It took Jesse Ryder just one first-class innings to have his name linked with an international comeback.
Ryder hit 117 from 164 balls for Otago in their Plunket Shield match with his old province Wellington in the capital yesterday.
Now over his six-month ban for failing a drug test, Ryder has been vocal in his desire to return to the national team, and New Zealand skipper Brendon McCullum is the first prominent voice to put a potential time on a Ryder recall.
"I imagine ... around Christmas could be a good time, if he was able to press his claim with a lot of runs," McCullum said last night from Dhaka.
That would tie in with the start of the limited-overs leg of the West Indies tour.
New Zealand have three tests in December and even a firm admirer of the burly lefthander such as Otago coach Vaughn Johnson reckoned that would be too soon. "I'm quite strong on the point if you rush him back in and he hasn't had enough domestic cricket then you might not see the best of him in international cricket again," Johnson said last night.
"I think you've got to give the kid a chance just to settle down."
Yesterday's century was Ryder's 14th in first-class cricket and helped lift Otago to a first innings of 534 for nine declared, to which Wellington had responded with 217 for two by stumps on the second day at the Basin Reserve.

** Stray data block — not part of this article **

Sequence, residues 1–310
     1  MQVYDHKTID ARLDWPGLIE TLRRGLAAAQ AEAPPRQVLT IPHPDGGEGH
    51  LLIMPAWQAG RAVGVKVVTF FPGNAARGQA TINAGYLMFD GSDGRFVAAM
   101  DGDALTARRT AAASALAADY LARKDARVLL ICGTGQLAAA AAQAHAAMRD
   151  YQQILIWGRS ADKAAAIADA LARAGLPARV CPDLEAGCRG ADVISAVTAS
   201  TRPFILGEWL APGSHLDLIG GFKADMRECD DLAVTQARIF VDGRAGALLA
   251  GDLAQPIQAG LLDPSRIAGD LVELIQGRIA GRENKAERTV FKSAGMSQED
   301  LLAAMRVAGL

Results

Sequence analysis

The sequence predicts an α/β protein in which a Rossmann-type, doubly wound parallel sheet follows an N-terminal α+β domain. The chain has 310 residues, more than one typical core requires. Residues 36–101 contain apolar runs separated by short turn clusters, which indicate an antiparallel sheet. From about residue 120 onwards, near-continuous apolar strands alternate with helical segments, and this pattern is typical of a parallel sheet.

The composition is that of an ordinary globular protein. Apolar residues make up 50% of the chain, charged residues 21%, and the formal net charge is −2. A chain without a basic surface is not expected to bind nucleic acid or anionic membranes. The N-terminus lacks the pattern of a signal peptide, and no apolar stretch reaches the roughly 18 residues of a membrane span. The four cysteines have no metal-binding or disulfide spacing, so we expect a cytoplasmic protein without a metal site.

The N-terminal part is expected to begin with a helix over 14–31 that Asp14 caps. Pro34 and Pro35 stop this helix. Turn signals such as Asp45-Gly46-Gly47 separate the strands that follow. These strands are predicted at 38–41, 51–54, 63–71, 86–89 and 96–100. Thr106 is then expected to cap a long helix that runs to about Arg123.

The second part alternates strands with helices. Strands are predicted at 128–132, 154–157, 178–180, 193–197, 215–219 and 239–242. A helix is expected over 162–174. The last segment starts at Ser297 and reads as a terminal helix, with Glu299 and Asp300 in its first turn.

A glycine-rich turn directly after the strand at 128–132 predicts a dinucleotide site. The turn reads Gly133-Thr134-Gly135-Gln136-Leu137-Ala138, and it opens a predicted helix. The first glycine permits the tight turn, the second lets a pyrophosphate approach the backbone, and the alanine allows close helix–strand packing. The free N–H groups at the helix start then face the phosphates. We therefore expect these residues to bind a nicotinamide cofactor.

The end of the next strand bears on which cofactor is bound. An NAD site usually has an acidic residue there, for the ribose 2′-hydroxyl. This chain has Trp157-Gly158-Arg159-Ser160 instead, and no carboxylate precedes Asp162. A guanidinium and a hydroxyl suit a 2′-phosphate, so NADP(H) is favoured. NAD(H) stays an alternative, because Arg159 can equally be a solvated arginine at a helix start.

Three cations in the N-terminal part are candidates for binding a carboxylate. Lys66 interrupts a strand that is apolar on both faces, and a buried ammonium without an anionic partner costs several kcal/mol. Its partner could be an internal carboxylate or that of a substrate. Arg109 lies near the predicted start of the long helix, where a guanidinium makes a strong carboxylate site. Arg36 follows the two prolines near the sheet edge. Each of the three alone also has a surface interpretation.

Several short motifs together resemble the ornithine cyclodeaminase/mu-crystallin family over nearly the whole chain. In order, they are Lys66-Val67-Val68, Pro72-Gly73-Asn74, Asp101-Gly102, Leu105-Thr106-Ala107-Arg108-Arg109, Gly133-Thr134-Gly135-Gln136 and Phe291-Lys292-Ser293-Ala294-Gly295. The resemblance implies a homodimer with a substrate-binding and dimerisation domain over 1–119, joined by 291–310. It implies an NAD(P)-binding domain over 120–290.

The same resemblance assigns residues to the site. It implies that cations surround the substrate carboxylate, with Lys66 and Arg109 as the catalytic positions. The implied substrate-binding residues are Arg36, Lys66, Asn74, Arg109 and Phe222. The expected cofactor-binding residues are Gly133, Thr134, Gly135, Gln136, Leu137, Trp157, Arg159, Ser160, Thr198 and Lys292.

"He took his time," Johnson said.
"I think he was a little bit nervous ... his first 20 or 30 runs were a wee bit scratchy, but once he was at the crease for an hour or so it was just his normal, natural self and I think it augurs well for New Zealand cricket."
Ryder wasn't talking after the day's play, but Otago Cricket issued a statement from the player, in which he said it had felt "awesome".
"I've had some amazing support over the past seven months from those close to me, and from people all over the country. That support was the first thing I thought about when I got to 100 today," he said.
"I want to keep contributing for VJ and my new teammates, who I'm loving playing with."
McCullum said consistent game time was what Ryder, 29, needed.
"There's no questioning his talent. If he bangs that door down, then of course I'd like to see him back in the Black Caps."
• His 117 yesterday for Otago was Jesse Ryder's 14th first-class century.
• It was his first innings since ending a six-month ban for failing a drug test.
• Ryder's last match for New Zealand was an ODI in Napier in February 2012.